October 25, 2016:  Orchids of Ontario:  our own member, Kevin Tipson!

November 29, 2016:  Astronomy 101:  Jason Tabroff, Dufferin Astronomy Club)

January 3,1 2017:  A Botanist Traces Spring Northwards along the Bruce Trail:  Mark Whitcombe, our President

February 28, 2017:  UCFNC Member’s Night

March 28, 2017:  Bees, Identification and Pollination:  Victoria Macphail

April 25, 2017:  Ontario Coyotes: Erica Newton is a scientist who works for the Ministry of Natural Resources, and has engaged in research about a variety of animal species, including wolves and coyotes. Erica will explain the differences between wolves and coyotes, and talk about the animals that we see in our area.  What is a coy-dog?  What is a coy-wolf?  How do we live with these animals in our communities?

senescent White Trillium (by Mark Whitcombe)

A senescent White Trillium (by Mark Whitcombe)

A Virtual Tour of Minesing Wetland – Speakers Night – Tuesday April 26th

A virtual tour of the Minesing Wetland – presented by Dave Featherstone from the NVCA on Tuesday April 26t at the Orangeville Seniors’ Centre at 7:30 p.m.
Designated as a wetland of international significance and spanning an area of more than 6,000 hectares (15,000 acres), the Minesing Wetland is home to a diverse array of habitats. The unique assemblage of fens, marshes, swamps and bogs supports a network of sensitive flora and fauna, some rare or endangered.

MinesingWetlands_001 MinesingSilverMaple minesing-wetlands-conservation 0__Picture 029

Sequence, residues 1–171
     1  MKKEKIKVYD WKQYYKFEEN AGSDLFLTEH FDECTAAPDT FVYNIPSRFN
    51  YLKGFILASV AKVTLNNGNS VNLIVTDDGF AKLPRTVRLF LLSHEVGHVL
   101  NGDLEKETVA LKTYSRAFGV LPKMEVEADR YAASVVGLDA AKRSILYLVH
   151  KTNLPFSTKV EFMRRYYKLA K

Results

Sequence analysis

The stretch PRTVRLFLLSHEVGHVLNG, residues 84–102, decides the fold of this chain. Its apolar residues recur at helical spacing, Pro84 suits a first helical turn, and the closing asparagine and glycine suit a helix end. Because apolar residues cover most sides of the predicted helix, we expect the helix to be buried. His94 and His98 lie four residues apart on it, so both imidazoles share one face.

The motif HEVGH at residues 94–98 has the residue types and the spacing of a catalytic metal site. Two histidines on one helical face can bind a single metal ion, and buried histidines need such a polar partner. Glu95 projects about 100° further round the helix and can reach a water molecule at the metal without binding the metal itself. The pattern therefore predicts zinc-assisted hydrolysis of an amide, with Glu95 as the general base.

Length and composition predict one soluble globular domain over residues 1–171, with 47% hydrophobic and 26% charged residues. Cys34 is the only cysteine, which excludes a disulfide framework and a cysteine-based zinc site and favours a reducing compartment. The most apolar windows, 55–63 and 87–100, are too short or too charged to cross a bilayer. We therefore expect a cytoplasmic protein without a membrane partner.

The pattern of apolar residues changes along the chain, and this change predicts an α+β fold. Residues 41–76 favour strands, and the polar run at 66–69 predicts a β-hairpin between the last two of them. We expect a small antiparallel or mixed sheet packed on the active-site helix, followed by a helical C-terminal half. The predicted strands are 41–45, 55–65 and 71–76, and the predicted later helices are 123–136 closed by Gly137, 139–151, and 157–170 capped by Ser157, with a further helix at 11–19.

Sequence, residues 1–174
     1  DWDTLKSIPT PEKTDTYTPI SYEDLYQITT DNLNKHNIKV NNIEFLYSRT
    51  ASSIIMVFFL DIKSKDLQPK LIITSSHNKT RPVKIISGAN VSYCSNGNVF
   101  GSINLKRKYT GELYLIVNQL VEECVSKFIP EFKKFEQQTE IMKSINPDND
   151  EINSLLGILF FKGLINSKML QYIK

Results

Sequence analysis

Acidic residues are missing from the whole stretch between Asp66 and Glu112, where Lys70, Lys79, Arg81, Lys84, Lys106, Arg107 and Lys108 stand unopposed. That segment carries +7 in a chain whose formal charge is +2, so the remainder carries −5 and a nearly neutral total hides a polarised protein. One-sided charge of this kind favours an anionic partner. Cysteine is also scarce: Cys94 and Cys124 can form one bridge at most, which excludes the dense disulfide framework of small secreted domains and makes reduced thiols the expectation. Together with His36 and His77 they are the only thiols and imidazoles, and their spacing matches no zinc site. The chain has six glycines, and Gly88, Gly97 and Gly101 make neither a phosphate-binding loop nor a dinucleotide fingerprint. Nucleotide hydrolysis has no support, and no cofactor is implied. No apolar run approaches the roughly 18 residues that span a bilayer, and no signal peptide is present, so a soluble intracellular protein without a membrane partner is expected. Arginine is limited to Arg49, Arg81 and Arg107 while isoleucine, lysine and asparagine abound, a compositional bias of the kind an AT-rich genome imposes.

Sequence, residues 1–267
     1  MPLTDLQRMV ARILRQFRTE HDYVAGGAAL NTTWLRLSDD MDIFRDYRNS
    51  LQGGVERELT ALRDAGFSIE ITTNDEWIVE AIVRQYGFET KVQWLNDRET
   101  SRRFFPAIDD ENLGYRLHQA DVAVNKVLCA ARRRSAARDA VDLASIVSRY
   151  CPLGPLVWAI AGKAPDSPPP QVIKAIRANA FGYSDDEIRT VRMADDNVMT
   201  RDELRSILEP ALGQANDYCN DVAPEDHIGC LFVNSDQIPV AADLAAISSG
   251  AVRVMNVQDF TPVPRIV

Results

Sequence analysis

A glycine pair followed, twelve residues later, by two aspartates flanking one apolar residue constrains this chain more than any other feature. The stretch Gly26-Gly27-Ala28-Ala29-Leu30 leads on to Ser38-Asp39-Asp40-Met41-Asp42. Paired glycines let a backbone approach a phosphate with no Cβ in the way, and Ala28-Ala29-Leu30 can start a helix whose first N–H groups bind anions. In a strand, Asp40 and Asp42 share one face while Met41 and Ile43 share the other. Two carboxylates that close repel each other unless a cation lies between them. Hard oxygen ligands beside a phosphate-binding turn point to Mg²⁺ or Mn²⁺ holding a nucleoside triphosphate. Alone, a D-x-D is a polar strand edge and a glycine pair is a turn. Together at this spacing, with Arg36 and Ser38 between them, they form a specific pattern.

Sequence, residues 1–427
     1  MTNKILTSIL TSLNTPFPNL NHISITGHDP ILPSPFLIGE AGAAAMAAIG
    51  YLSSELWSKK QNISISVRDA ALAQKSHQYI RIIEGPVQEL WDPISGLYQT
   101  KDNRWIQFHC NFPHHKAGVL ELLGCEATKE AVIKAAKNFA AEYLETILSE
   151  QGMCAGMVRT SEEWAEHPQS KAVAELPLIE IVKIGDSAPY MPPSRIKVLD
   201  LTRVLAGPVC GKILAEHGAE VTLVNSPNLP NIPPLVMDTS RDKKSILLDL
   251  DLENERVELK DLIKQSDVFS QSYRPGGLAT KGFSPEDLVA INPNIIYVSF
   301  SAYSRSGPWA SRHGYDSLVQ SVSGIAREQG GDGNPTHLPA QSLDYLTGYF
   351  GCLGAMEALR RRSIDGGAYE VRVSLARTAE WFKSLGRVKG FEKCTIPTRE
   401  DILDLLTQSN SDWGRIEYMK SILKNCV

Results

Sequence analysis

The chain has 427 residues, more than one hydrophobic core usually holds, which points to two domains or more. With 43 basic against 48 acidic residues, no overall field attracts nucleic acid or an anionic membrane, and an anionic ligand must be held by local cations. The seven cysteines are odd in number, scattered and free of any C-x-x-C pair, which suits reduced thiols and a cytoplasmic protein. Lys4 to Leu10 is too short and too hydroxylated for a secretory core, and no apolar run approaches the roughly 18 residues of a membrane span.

Speaker’s Night Topic a “Must Learn” Opportunity

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Our upcoming talk was identified as a “Must Learn” opportunity in the most the recent issue of “IN THE HILLS” magazine.

You can’t live in Headwaters without having an opinion about deer. You worry about them crossing the road. You love seeing them run across open fields. Or maybe you fret about your gardens or farmland – aka your local deer family’s favourite salad bar – and wonder when hunting season begins.
If you’d like to learn more about the species we share our space with, head to the Upper Credit Field Naturalists speaker’s night on Tuesday, March 29 for Deer Biology and Management in the Headwaters Region. Biologist Graham Findlay from the Ministry of Natural Resources and Forestry will share the basics on the creatures and what goes into managing them in our area. The talk is free and takes place at the Orangeville Seniors’ Centre at 7:30 p.m. uppercreditfieldnaturalists.org

Our favourite picks for Spring 2016

The reason for FLAP (Fatal Light Awareness Program)

We installed new windows at home over the summer. Several times we’ve heard ‘thunks’ as birds hit the large shiny new window in our now-bright living room.

Then this …

The impact of a Mourning Dove on our new window …

The impact of a Mourning Dove on our new window …  (photo by Mark Whitcombe)

Look carefully at the photo. One wing extends right to the top and the other to the left edge; both legs show; individual feathers show; the breastbone clearly shows; individual feathers show …

The dove survived initially, weakly flying away after a few minutes. The next day at our feeder there was a dove with feathers missing from its head. But after that, there have only been two Mourning Doves in our yard, down from the three that we’ve had for the last while.

What is our living room with wonderful windows is not a living room for birds …

We’ve now put up stickers and hung window ornaments — with success so far.

Our next speaker from FLAP will be alerting us to ways that individually and as a society we can reduce the toll of birds hitting windows and buildings. FLAP (Fatal Light Awareness Program) estimates the number of migrating birds killed annually in collisions with buildings ranges from 100 million to 1 billion birds. Oh my …

(by Mark Whitcombe)